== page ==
1. Open your favorite browser and right: “localhost” in the URL section. This will take you to Xampp’s dashboard. In the navigation bar, you will find “phpMyAdmin,” it’s in the top right corner. Click on it, and it will take you to the phpMyAdmin control panel. This is where you set up your local server’s database and create the database information.
  2.  Press on “database,” it is the first button in the navigation bar. Then set up a name for your new database, I called mine “my database,” you can call yours whatever you like. Next, click the button that says, “create.” That’s all there is to it, and now you have a database and a database name it is just that simple.
  3. The next step is setting up the other database information. So, you click “users” in the navigation bar, if you cannot find it just click on the “phpMyAdmin” logo and it will take you to the main control panel again, and you will find “users” there. Locate “add user” and click on it. Choose your login information like username and password. For “host” choose “local” and then, “localhost” automatically shows up in the field. Make sure you check all in “global privileges.” Scroll down the page and press “go.”
    That’s all you have to do you have all the information you need to install WordPress on your local server.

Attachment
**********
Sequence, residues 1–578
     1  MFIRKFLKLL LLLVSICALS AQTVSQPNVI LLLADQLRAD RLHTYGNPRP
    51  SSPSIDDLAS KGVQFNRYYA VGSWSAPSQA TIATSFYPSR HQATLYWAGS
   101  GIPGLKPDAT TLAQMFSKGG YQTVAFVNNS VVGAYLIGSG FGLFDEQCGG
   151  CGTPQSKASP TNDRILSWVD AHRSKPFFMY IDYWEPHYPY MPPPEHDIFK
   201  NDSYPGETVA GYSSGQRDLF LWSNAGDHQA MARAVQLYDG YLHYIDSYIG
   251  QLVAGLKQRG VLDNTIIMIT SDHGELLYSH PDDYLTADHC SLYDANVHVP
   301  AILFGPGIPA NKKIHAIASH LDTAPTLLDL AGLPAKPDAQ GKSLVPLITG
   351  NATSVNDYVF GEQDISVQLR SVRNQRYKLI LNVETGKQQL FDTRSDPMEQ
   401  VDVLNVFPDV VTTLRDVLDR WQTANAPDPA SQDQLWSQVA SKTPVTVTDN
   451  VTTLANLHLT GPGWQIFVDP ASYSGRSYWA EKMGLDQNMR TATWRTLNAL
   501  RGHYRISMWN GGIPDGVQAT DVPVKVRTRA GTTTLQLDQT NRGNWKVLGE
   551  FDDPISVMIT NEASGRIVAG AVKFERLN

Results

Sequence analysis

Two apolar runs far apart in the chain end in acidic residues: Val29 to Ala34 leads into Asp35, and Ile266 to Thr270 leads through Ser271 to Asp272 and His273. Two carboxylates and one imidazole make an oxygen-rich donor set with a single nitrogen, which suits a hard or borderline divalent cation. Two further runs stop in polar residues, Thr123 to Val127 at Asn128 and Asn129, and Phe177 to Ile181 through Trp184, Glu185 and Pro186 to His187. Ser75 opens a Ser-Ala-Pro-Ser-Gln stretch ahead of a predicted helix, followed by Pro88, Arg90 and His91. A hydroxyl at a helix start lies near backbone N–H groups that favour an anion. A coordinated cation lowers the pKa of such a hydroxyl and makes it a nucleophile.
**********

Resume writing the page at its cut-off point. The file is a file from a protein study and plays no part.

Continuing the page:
WordPress installation

To install WordPress, you will need to go to WordPress website and download the necessary files. They will come to you as a zip file. Extract the WordPress file and transfer it to “htdocs” file, which is inside your Xampp local server file. Unless you change the location of Xampp’s directory when you install it, you should find it located at C:\Xampp\htdocs.

Now followed these last steps:

  • On the URL line, type localhost/WordPress. Continue until reaching the point where you need to fill out details. This is where you use the information you used in “phpMyAdmin.” If you’re wondering, what “Table Prefix” is, don’t worry about it, just put anything on the line except the “wp_” which is the default.
 
You can also fill out these details in the source files if what you just tried didn’t work properly, changing the source file manually, is a good alternative if filling out this form doesn’t work.
  • After submitting the information there will be one last form to fill out, this is a WordPress account, and it’s not the same as the database user that you created earlier. Fill it out; it will be your administrator name and password to get into the WordPress dashboard to change the design and content of your website.

WordPress is now working!

Now you can use your WordPress account to log in and “Presto” you are in and up and running! The next time you want to go on your website just type in localhost/”site name” or localhost/WordPress in URL line of your browser. You can determine the website’s name when creating the WordPress account and you can also change it later the on the dashboard; it’s the name of the file that you transferred into the htdocs file. Changing the site’s name will change the files from “WordPress” to whatever you named it.

There, you are done, you can now work with the website and change things to your heart’s content until everythig is just the way you like it to be transfered to a live server for testing and use. Please feel free to look at our other articles here, and we’re sure you’ll find more tidbits and help to make you a better Web Developer.